Musicals for those who cannot hear at Desert Star Playhouse
Jul 25, 2019 11:44AM
● By Shaun Delliskave
Desert Star Playhouse offers individual ASL performances for all of its shows.
By Shaun Delliskave | [email protected]
Putting on a musical for those who will not hear may sound exactly like the type of humor that Desert Star Playhouse is known for, but for Desert Star, it is no joke. The Murray playhouse provides select American Sign Language (ASL) performances for the Deaf community. Audiences at Desert Star may have noticed interpreter Jennifer Harkness on certain nights, signing to members of the crowd.
“The Deaf community is interested in the same things the hearing community is... it’s just usually such a fight for them to get the equal access to which they have the right,” Harkness said. “Utah theaters, for the most part, are recognizing this and stepping up and it’s wonderful! Desert Star has been providing interpreters for the last 16 years. It’s also been a great way to spread awareness of the Deaf community and their language and culture. Hearing audience members are constantly saying how much they enjoy seeing the interpreting being provided.”
Desert Star’s recent production, “Sunday School Musical: The Greatest Roadshow,” a pun-filled spoof on the “The Greatest Showman” musical, Disney’s “High School Musical,” and a hefty dose of local cultural references, held their ASL performance on June 29.
“For each production, we have a scheduled performance featuring an ASL interpreter. Jennifer Harkness is most often the interpreter for these performances. She is uniquely qualified because she played the piano at Desert Star at one time, so she really knows the gig, and she’s also a fantastic interpreter,” Artistic Director Scott Holman said.
While ASL interpreting may make sense for a non-musical drama or comedy, many may question why musical theater would have an interpreter. According to Harkness, there are many answers to that question.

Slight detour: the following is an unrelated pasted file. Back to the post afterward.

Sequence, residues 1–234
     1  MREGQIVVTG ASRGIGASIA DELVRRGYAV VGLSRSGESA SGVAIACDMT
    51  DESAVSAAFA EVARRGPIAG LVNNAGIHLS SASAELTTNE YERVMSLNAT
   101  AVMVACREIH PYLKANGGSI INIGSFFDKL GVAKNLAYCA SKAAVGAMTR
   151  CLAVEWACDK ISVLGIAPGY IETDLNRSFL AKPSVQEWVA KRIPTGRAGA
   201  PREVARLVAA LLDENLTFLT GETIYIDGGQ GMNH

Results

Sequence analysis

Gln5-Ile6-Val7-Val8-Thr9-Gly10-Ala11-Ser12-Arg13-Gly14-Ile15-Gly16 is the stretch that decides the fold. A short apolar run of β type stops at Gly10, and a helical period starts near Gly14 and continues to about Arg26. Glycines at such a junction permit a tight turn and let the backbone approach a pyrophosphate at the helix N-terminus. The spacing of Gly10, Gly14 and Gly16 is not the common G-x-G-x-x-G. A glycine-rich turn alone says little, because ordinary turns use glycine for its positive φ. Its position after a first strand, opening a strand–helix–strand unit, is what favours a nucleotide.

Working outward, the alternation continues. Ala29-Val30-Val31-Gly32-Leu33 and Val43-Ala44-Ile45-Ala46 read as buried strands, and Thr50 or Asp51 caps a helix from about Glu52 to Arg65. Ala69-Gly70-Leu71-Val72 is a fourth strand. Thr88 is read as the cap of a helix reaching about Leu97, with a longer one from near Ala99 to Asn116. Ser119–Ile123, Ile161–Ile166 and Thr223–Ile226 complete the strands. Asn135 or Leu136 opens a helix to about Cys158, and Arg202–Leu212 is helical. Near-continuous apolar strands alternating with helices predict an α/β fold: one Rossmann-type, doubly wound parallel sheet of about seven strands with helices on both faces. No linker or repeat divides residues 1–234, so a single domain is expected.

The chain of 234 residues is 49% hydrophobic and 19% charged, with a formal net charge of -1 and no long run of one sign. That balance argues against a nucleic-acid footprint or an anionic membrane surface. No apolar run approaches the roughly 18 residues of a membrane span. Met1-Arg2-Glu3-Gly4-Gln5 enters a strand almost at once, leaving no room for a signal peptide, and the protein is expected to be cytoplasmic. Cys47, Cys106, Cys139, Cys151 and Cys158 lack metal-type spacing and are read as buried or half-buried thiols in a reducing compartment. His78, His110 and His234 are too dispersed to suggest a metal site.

“One of the many important things to remember about the Deaf and Hard-of-Hearing community is that they are not all the same. Some Deaf people love music and some just don’t care. It’s a personal thing, regardless of his or her level of hearing loss,” she said. “Also, most of the time, the songs in a musical are furthering the plot, so it’s good to remember that it’s still a way of telling the story of the play. Granted, sometimes songs are silly and superfluous, but they’re still affecting how the audience views the characters. We, as interpreters, have to interpret a little differently to make sure whatever that song is trying to portray is clear and equitable so that the Deaf audience can enjoy it just like the hearing audience.”
Desert Star started the ASL performances because Box Office Manager Laura Lewis got requests from time to time for an interpreter. After seeing the reception that it received, Lewis convinced the Playhouse to provide a dedicated, regular performance featuring an ASL interpreter. The Playhouse lists its ASL performances on its website and social media.
Interpreting a scripted performance is one thing, but improvisation and play-on-words are Desert Star’s hallmarks for performance; no performance is exactly the same. “It requires more specialized skills and training than every day interpreting,” Harkness noted. “There are many things that are difficult, but if I had to pick one, I’d say it’s the puns, which are constant at Desert Star. Puns are sound-based jokes that don’t translate directly into ASL, so a lot more has to go into the interpretation. The difficulty is that you don’t have the luxury of time to take these linguistic steps, because in theatre-interpreting, you have to sacrifice your processing time so that you are signing as close as possible to the lines being said.”
Holman said the ASL performances are enjoyed by people beyond the Deaf and Hard-of-Hearing community. “Because of the ad lib nature of our show, we’ve even had actors involve the interpreter in the show. Those times have been fun for everyone in the audience. Even our audiences who aren’t using the interpreter seem to enjoy the exposure to a new language. We’ve had many positive comments.”